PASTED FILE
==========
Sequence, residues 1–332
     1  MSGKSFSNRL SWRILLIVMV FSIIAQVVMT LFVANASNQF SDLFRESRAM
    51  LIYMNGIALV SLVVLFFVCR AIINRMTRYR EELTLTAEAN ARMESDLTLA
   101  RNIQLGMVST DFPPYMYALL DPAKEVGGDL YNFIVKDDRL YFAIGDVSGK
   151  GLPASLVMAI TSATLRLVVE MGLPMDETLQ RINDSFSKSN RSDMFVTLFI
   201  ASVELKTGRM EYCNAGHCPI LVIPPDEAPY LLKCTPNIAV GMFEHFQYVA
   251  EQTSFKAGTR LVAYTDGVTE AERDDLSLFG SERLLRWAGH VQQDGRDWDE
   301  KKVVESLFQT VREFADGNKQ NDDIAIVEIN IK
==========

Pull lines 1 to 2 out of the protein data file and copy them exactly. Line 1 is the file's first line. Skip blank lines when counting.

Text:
Sequence, residues 1–332
     1  MSGKSFSNRL SWRILLIVMV FSIIAQVVMT LFVANASNQF SDLFRESRAM